Corruption

Corruption

One of the most significant problems for economic development and poverty alleviation is corruption. Corruption refers to the situations when authorities misuse power for their own benefit.  An example of corruption is where people give bribes to government officials to obtain public services. In areas of widespread corruption, people are threatened to give bribes.

 

Southeast Asian countries are comprised of different political systems, different social economic patterns, and different levels of economic development.  As a result, the index of corruption is varied within the region. According to Transparency International’s corruption index for 2006, Singapore is one of the least corrupted countries with an index of 5 out of 163. Meanwhile, Burma is the second largest corrupt; its rank is 162 out 163.

 

One of the main reasons for corruption is that Burma is ruled by a military government. Unlike democratic governments, the military regime lacks accountability for their actions. As a result, they don’t have to take responsibility for their wrong doings, including corruption. Ironically, the military regime uses corruption as a political tool for their internal power struggle. It is claimed that all military generals in the State Peace and Development Council (SPDC) have to take bribes. It goes that when a general ‘needs’ to be fired publicly for their internal power plays within the system, then the SPDC can give a reason to public and international audience that the general was fired because of corruption. It saves face.

Another reason for corruption in Burma is related to bureaucratic mechanisms, which are very complicated. There are many loop holes the general public cannot understand, and there is no transparency. If one complains about the complicated bureaucratic system, the government officials would say that they are acting under their superior’s orders. For official work to go smoothly, people need to give bribes to government officials, making corruption inevitable in government offices in Burma.

 

In Burma, government jobs are attractive, but very difficult to obtain.  If someone wants to get a job, he or she needs to give bribe to those who have power to assign this position. In return, when they are assigned as a government official, he or she needs to ask for bribes from the public to cover what they paid to get the job. It has become a vicious cycle, with corruption never ending in Burmese society. Furthermore, Burma has encountered economic recession for many years. The inflation rate is soaring while government servant real wages do not cover their living standard. Government officials are underpaid, and as a result, government officials are often forced to engage in corrupt activities to make ends meet.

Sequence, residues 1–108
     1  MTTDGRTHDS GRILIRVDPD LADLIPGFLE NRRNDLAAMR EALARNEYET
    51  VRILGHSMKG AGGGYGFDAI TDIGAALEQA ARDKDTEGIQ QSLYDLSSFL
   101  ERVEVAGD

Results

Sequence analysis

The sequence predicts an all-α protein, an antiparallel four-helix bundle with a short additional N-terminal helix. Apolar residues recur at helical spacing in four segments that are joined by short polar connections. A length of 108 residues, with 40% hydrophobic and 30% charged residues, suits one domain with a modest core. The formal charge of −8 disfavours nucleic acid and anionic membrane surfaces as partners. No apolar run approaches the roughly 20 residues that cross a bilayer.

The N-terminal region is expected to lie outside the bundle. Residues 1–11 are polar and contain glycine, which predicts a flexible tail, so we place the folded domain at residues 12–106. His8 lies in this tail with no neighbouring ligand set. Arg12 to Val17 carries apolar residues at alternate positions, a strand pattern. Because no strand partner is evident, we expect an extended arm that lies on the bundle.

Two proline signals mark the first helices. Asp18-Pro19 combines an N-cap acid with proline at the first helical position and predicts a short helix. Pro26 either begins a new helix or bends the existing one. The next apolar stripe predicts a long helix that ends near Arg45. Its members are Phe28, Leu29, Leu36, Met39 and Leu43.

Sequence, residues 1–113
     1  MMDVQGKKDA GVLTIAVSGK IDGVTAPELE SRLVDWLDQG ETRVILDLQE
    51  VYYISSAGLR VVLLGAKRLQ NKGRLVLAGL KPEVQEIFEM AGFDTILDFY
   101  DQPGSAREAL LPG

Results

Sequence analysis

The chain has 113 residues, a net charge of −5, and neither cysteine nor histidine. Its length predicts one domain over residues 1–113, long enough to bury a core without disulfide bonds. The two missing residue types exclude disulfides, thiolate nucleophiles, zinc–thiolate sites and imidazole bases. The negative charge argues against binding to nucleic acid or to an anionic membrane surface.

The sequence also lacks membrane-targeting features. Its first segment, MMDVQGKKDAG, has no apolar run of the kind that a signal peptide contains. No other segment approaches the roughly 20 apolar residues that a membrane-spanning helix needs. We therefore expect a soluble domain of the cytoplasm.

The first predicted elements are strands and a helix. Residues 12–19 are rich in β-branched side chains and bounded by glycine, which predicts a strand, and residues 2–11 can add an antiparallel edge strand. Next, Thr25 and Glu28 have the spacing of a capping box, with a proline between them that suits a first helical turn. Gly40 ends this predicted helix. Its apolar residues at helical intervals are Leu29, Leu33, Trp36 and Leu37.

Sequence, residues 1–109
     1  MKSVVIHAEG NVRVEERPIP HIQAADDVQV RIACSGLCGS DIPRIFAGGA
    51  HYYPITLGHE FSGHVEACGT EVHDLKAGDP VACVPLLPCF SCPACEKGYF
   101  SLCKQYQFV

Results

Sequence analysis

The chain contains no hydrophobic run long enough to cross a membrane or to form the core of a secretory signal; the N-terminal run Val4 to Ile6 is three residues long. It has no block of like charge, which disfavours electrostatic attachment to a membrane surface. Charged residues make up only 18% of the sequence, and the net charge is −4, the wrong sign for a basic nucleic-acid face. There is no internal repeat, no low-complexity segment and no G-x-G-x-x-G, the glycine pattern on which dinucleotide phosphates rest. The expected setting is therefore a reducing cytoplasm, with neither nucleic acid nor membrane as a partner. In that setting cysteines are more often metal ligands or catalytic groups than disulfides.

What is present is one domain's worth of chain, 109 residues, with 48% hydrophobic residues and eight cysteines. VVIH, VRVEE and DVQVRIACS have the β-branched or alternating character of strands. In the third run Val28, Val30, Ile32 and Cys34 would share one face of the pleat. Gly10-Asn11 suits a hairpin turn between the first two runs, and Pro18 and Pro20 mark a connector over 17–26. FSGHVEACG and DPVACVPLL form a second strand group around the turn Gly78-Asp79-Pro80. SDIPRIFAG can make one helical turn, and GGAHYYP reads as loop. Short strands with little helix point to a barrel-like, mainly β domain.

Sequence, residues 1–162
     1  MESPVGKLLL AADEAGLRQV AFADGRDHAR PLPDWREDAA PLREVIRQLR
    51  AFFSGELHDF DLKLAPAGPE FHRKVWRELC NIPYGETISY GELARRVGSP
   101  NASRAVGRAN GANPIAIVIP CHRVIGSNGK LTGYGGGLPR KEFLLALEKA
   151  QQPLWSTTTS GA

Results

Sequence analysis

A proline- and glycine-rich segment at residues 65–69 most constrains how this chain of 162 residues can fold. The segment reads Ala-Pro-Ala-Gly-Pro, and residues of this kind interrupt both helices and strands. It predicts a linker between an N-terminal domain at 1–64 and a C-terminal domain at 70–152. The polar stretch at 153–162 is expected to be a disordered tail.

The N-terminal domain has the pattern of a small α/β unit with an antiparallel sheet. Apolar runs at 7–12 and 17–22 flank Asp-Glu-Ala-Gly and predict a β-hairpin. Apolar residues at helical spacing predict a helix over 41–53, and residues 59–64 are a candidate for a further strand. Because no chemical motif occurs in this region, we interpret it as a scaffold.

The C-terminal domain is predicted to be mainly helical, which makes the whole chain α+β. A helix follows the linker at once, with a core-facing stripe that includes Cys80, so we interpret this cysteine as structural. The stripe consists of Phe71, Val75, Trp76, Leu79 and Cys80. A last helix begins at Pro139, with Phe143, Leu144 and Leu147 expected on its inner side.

Yet, bribery involves two parties – there are takers and there are givers.  Burmese people give bribes not only for government officials, but the general public is used to taking and giving bribes for government services. As a result, this practice has become habit for Burmese, part of their mindset. So, Burmese people are acquiescence with corruption, and they are not hesitant to give bribes. However, corruption is also related to Burmese political culture.  Burma has been ruled by a military regime since 1962, for over 40 years. Burmese people are not familiar with democratic practice and they do not know their civic rights.

 

The military regime tightly controls the Burmese mass media through censorship. There are two government-run newspapers and one privately-run newspaper that is under close scrutiny and censorship, so there is no check and balance for government officials’ corruption. Even if people have to pay bribes for government services, they do not have the right to express or protest the government officials’ injustice and corruption.  Furthermore, it appears that there is no clear legal system for corruption in Burma; it always depends on the military generals’ orders.  Generally, the military generals do not take action against corruption as long as it does not threaten their power.

Recently, however, the SPDC have made claims that they are trying to set up good governance, which has become a buzzword in development literature. Good governance is the basic need for economic development, poverty alleviation[1], and basic condition for international aid. One of the features of good governance is combating corruption.  As a result of the SPDC ‘good governance’ initiatives, the Burmese military regime arrested many officials Custom Department for corruption, and they were sentenced with long terms. The Burmese military regime also announced some phone numbers for those who have to pay bribe for government services to call and claim for it. Although the SPDC is trying to tackle the corruption, it fails to meet the criteria of good governances.  The criterion includes people participation in decision making process; rule of law that requires fair legal frameworks that are enforced impartially; transparency so that information is freely available and directly accessible to those who will be affected; and responsiveness.

So it can be seen that Burma is the most corrupted country in the South-East Asian region. There are multiple dimensions to corruption in Burma, including the Burmese political situation, economic recession, lack of press freedom, lack of good governance, military regime mismanagement, Burmese political culture and habit, and lack of democratic practices.

This article was written by Myint Zaw, a Burmese pro-democracy activist living in Thailand


[1] According to official figures, 25% of Burmese citizens are living below the extreme poverty line (ie are earning less than $US1.00 per day), although given the sketchiness of official figures, it is assumed that this figure is actually higher.

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